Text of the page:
xb yb

?pq =

x=xa y =ya

(x ? x0 )p (y ? y0 )q f (x, y )

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H. Schweitzer, J.W. Bell, and F. Wu

A direct computation gives: ?pq = 0≤s≤p 0≤t≤q (?1)s+t p s q s t x y mp?s,q?t t 0 0 (5)

The important observation is that the moment ?pq is computed from moments mpq of the same or lower order. The explicit formulas for several low order moments are: ?00 ?10 ?01 ?20 ?11 ?02 ?30 ?21 ?12 ?03 = m00 = m10 ? x0 m00 = m01 ? y0 m00 = m20 ? 2x0 m10 + x2 0 m00 = m11 ? x0 m01 ? y0 m10 + x0 y0 m00 2 = m02 ? 2y0 m01 + y0 m00 3 = m30 ? 3x0 m20 + 3x2 0 m10 ? x0 m00 2 = m21 ? y0 m20 ? 2x0 m11 + 2x0 y0 m10 + x2 0 m01 ? x0 y0 m00 2 2 = m12 ? 2y0 m11 ? x0 m02 + y0 m10 + 2x0 y0 m01 ? x0 y0 m00 2 3 = m03 ? 3y0 m02 + 3y0 m01 ? y0 m00

In summary, this section gives an algorithm for computing the local (centralized) algebraic moments ?pq up to a given order at any given rectangle in the image. The required preprocessing that needs to be computed just once per image is the integral images of the functions xp y q f (x, y ). The values of mpq at the desired rectangle are computed from (3), and the values of ?pq are computed from the mpq values using (5).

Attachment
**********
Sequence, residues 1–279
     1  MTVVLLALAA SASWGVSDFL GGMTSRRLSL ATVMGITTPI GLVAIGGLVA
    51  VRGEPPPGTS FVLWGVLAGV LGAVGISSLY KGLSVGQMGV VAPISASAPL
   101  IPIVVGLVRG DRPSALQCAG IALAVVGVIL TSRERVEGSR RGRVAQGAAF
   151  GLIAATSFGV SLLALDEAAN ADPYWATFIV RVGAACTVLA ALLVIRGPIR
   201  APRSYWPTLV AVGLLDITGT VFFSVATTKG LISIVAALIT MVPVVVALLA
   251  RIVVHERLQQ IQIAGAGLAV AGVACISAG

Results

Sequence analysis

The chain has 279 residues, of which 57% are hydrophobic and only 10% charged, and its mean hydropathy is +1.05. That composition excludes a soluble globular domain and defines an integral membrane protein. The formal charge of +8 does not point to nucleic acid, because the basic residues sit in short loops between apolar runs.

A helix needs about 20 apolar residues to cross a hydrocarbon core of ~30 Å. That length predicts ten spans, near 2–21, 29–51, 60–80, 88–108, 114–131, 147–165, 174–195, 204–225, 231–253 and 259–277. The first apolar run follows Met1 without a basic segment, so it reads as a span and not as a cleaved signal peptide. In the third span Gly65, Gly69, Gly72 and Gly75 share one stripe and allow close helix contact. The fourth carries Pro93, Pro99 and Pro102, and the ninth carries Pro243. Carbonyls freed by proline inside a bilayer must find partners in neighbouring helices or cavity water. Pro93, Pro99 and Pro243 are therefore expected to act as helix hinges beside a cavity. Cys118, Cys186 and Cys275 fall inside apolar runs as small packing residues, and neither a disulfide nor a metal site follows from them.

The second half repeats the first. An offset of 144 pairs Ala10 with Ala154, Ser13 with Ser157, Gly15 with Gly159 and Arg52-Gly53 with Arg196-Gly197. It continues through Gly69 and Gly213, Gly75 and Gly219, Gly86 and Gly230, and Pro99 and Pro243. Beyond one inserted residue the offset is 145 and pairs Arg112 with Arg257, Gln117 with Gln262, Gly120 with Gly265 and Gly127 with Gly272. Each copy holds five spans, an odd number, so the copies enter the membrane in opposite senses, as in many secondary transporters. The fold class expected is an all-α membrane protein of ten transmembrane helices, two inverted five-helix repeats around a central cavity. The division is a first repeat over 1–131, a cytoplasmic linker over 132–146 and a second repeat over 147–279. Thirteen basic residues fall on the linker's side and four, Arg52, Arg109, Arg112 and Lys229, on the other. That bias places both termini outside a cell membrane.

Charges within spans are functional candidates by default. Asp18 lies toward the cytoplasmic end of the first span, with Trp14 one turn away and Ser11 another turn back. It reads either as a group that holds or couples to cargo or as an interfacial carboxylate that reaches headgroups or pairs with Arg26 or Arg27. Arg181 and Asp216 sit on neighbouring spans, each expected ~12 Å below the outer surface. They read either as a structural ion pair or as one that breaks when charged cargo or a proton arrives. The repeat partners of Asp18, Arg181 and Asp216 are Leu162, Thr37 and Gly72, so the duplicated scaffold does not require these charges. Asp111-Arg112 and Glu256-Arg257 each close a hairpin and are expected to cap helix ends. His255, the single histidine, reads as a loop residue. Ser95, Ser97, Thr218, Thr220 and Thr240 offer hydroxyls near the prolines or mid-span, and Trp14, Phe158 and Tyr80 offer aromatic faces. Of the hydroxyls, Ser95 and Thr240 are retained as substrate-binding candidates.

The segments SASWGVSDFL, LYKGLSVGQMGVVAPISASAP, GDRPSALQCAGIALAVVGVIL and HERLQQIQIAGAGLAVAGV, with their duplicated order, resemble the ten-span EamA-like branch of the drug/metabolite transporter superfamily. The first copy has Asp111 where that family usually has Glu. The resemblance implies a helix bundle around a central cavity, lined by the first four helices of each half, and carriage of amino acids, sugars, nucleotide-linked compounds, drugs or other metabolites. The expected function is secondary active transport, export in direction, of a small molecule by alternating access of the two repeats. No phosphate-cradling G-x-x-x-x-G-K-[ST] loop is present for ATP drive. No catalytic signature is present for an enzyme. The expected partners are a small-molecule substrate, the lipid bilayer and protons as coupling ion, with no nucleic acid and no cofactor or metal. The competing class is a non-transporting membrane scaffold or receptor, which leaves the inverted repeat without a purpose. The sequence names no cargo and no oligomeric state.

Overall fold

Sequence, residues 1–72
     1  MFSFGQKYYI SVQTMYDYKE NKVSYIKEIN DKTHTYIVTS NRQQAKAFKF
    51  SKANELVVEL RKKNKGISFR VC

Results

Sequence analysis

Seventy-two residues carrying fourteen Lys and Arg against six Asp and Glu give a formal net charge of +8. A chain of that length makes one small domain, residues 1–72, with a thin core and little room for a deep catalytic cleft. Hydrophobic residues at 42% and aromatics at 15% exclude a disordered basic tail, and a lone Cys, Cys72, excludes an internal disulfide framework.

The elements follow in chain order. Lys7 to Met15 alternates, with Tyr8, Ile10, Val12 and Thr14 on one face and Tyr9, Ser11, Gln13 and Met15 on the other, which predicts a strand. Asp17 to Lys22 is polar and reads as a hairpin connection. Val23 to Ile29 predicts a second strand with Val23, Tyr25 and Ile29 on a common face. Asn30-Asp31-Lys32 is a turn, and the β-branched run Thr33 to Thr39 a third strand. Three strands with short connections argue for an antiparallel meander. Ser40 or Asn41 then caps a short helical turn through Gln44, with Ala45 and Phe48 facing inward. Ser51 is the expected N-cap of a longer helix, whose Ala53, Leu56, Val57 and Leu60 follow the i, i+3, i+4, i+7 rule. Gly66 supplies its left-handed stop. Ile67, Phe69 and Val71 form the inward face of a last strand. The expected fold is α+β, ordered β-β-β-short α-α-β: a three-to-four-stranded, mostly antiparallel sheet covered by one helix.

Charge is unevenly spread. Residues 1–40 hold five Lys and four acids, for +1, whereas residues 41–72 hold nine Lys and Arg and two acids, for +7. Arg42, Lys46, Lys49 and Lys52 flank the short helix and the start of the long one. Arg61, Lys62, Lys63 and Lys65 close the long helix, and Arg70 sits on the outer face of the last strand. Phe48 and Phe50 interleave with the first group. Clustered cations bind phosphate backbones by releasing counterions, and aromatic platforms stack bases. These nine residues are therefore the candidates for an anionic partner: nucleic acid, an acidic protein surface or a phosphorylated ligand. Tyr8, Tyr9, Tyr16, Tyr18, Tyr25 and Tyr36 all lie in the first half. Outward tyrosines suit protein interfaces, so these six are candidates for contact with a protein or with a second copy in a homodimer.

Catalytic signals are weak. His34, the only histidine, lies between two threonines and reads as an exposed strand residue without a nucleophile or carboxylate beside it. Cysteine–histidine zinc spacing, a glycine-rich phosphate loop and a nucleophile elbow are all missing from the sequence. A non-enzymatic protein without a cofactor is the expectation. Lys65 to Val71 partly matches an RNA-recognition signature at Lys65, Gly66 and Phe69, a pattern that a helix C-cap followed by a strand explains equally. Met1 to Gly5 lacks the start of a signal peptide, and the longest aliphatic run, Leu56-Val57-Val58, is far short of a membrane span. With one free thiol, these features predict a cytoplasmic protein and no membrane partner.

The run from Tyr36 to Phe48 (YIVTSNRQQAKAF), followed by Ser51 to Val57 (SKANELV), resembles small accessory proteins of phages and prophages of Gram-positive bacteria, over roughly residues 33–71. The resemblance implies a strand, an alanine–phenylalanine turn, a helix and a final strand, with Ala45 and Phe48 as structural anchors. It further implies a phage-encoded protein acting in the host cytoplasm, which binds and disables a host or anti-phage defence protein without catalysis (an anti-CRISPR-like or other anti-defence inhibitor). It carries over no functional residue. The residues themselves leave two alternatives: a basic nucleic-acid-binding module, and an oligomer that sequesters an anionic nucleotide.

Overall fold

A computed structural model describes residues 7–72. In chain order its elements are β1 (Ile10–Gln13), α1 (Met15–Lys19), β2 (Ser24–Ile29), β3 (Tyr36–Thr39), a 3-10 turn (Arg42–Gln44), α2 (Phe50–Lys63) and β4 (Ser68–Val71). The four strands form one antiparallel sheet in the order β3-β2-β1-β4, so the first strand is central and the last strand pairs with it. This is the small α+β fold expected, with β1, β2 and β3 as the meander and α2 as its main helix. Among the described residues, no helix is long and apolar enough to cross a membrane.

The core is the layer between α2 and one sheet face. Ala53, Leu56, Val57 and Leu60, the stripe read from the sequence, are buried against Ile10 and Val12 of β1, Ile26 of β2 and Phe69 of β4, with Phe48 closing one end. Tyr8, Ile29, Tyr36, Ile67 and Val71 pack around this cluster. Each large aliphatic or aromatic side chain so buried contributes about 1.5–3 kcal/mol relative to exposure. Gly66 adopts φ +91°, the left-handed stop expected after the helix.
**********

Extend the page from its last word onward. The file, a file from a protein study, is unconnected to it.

4

Fast Template Matching

In this section we develop a match measure that uses the local moments. In developing this measure we focus on a single rectangle in the image. The pixel values are denoted by f (x, y ) as before, but the origin of the coordinate system is placed at the center of the rectangle. t Let t be a template with the local moments Ut = (?t 00 , . . . , ?pq ). We denote f by Uf (u, v ) = (?00 , . . . , ?f pq ) be the corresponding local moments computed over a rectangle centered at (u, v ) of the same dimensions as the template. One may be tempted to use the Euclidean distance, or other direct comparisons between Uf and Ut as an indication of match. One choice is to use the same normalized measure as in (1), which gives: h(u, v ) =

p,q t ?f pq (u, v ) ?pq f 2 p,q (?pq (u, v )) )

(

(6)

As in the case of (1) it can be shown that (6) is maximized by the exact match, but unlike (1) it does not degrade gracefully. As shown in Section 6 using these